While NSL is most often employed as a direct templating method, where metal is deposited into the void space between asassembled nanospheres, there is precedent for creating more complex nanostructures by combining NSL with plasma or reactive ion etching (RIE) as is done in this work. Van Duyne and co-workers combined NSL and RIE to fabricate embedded triangular nanoparticles that are less prone to solvent remodeling than their nonembedded counterpart.17 After assembling the nanosphere mask, they use CF4 to etch the glass between nanospheresandthendepositAgthroughthenanospheresandintothe wells. Variation of CF4 etch time facilitated plasmon tuning, and SERS enhancement factors as high as 108 were estimated for chemisorbed benzenethiol. Huang et al. used colloidal templating to create a double-layer colloidal crystal mask with two different nanosphere diameters and performed an oxygen etch, a Au deposition, and removal of the top colloidal crystal layer to create gold nanohole substrates.18 While plasmonic characterization was not performed, the specular reflection was shown to be attenuated compared to glass substrates. Live and Masson prepared microhole arrays by drop-coating a polymer microsphere suspension onto glass slides followed by plasma treatment to reduce the size of the spheres and then metal evaporation.19 Controlled evaporation of the microsphere solution yielded large defect-free areas. Both the localized and propagating plasmons were characterized for these substrates with varied hole diameters and refractive index environments, suggesting utility for microhole arrays in plasmonic biosensing; however, nanoscale features were not attemptedin thiswork.Ctistisetal. recentlyreportedthe use of the same method to fabricate nanohole arrays but was focused on the size-dependent magnetic properties of nanoholes in a cobalt thin film.20 Earlier this year, Lou et al. published a short report where NSL and RIE were combined to create nanoholes in Au.21 This work characterized plasmonic transmission with a fixed hole diameter and varied spacing and used the nanohole array as a substrate for cell growth. Unfortunately, the typical defect-free domain sizes were small, only a few micrometers, impeding many potential sensor applications. Clearly, there is a great interest and need for massively parallel nanohole fabrication with well-characterized plasmonic and surface-enhanced spectroscopic properties; this is the goal of the work presented herein.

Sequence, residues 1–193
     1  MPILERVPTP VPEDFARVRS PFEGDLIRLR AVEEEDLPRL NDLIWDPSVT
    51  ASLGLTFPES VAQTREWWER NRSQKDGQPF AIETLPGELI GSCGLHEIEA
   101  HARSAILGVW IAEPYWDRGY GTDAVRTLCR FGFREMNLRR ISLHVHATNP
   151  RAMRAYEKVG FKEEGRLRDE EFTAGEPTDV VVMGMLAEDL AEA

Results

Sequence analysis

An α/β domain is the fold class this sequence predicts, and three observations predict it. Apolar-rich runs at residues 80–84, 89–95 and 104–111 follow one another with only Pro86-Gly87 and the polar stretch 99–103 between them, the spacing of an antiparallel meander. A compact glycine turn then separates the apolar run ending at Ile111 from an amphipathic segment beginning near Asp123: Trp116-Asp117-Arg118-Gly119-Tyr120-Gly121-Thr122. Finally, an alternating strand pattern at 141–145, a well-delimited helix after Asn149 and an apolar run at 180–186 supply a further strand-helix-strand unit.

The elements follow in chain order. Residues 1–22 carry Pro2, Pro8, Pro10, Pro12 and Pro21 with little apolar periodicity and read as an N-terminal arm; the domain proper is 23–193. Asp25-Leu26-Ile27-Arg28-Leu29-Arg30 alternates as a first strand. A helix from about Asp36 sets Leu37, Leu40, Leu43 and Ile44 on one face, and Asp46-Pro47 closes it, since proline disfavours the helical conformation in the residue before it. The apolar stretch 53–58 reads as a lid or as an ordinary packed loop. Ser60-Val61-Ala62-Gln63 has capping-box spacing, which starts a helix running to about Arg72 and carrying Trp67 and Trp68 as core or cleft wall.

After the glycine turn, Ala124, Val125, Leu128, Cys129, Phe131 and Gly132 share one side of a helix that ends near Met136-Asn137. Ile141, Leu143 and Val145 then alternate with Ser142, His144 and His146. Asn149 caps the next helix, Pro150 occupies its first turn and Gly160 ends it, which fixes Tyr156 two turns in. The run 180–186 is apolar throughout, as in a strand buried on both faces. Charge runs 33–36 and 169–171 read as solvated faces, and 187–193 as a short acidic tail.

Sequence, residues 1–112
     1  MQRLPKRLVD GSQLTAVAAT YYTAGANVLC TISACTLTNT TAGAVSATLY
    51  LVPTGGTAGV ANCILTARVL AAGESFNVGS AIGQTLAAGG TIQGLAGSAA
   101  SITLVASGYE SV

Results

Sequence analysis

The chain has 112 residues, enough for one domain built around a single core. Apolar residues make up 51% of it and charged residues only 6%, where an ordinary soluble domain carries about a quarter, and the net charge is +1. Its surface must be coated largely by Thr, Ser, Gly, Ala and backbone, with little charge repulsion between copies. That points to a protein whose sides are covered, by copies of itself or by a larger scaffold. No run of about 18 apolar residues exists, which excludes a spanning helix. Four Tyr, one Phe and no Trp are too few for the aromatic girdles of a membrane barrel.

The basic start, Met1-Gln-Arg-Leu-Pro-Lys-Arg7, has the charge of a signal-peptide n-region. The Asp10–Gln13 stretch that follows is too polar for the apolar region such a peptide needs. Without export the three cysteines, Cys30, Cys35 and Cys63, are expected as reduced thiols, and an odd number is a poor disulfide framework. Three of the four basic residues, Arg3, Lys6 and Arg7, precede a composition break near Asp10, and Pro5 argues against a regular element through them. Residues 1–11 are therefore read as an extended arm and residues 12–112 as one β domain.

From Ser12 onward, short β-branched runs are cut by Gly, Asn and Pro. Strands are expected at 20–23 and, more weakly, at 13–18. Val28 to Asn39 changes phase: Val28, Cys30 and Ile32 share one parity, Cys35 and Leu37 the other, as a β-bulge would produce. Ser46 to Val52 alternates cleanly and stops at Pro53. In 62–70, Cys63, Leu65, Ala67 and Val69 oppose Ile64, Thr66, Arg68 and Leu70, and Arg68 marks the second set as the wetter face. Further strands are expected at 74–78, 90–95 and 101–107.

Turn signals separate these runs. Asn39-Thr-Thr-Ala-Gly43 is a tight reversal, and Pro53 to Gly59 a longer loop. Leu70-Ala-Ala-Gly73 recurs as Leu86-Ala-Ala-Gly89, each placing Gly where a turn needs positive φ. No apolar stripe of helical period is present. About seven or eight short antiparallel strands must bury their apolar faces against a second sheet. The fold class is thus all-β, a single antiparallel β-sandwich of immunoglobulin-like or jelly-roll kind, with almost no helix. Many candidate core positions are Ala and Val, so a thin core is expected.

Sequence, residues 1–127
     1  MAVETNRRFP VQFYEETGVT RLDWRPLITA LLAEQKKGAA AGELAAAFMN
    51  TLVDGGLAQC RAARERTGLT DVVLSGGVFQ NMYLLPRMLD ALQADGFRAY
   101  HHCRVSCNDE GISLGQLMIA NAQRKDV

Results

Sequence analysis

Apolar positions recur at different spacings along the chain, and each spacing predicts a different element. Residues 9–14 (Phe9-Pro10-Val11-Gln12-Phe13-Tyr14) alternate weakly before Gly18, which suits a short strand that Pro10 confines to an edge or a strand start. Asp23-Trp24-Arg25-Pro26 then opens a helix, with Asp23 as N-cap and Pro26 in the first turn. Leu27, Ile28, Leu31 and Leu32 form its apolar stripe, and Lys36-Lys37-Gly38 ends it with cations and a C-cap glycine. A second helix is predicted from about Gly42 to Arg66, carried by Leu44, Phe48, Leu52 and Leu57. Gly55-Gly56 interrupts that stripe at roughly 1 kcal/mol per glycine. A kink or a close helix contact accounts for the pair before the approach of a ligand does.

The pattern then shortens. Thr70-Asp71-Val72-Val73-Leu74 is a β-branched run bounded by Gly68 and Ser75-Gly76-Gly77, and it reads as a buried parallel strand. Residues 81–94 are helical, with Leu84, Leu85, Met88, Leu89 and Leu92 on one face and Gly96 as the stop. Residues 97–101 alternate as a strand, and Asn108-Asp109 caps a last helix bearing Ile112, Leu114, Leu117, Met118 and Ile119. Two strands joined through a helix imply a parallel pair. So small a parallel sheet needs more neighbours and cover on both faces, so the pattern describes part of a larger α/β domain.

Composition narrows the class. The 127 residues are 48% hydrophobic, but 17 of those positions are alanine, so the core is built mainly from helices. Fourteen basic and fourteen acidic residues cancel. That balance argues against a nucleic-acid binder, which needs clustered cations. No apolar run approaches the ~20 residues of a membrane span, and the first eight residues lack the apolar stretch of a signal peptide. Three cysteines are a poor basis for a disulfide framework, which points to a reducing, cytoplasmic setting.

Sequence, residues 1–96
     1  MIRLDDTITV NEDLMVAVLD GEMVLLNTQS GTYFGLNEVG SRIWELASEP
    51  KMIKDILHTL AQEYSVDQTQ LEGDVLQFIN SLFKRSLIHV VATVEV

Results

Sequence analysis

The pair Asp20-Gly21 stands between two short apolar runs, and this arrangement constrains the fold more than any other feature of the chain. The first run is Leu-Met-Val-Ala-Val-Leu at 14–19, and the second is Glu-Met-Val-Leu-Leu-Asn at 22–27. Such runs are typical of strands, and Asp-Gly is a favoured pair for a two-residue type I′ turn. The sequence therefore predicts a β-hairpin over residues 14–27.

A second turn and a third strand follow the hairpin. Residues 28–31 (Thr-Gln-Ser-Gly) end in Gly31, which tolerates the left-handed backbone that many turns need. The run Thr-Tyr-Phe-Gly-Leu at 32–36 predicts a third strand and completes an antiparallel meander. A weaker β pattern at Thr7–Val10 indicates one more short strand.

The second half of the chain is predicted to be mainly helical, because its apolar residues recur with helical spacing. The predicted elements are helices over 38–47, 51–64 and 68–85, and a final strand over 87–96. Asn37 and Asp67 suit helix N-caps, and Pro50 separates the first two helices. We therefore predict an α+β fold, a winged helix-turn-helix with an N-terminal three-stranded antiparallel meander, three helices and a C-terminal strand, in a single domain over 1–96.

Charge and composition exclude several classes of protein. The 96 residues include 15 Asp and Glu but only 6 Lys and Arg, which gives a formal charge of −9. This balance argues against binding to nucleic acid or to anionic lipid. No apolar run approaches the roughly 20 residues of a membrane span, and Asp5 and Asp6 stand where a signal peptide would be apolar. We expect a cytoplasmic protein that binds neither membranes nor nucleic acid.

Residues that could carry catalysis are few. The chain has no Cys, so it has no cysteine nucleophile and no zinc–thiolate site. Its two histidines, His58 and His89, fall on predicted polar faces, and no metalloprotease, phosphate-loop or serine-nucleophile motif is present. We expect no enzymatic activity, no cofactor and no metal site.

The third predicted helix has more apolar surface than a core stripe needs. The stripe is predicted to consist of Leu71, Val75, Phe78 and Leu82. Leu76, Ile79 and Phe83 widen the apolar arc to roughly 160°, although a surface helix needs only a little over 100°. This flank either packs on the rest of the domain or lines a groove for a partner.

Significant progress has been made toward understanding and modeling the plasmonic properties of nanohole arrays fabricated by traditionalEBL orFIB methods. A recentsystematicstudy by Lee et al. compared the SPR spectra and refractive index sensitivity of EBL-fabricated nanohole and nanoslit arrays.2 K€all and co-workers demonstrated the influence of the dielectric substrate’s refractive index on the SPR shift per refractive index unit (i.e., the sensitivity) that can be achieved using FIB-fabricated nanohole arrays.6 Parsons et al. examined the effect of nanohole periodicity on the resultant SPR both experimentally using FIB fabrication and in finite-difference time-domain (FDTD) modeling.23 Schatz and co-workers performed FDTD modelingofbothisolatedandsquarearraysofnanoholesinAuto predict the electromagnetic fields due to the interaction of the propagating and localized surface plasmons as well as the optical transmission spectra.24 Their modeling predicted concentrated fields at both the top and bottom surface of the nanoholes and transmissionspectrawithmultiplefeaturesfromnanoholearrays. Optical properties have also been characterized in more exotic versions of the nanohole array. For example, Kim et al. characterized optical transmission through arrays of equilateral triangle nanoholes made by ion milling,25 and Brolo and coworkersdemonstrated enhancementsinspontaneousemissionby coupling quantum dots to plasmonic FIB-fabricated nanohole arrays.26 These fundamental studies of nanohole optical properties, and correlations with FDTD modeling, are critical for the application of these substrates.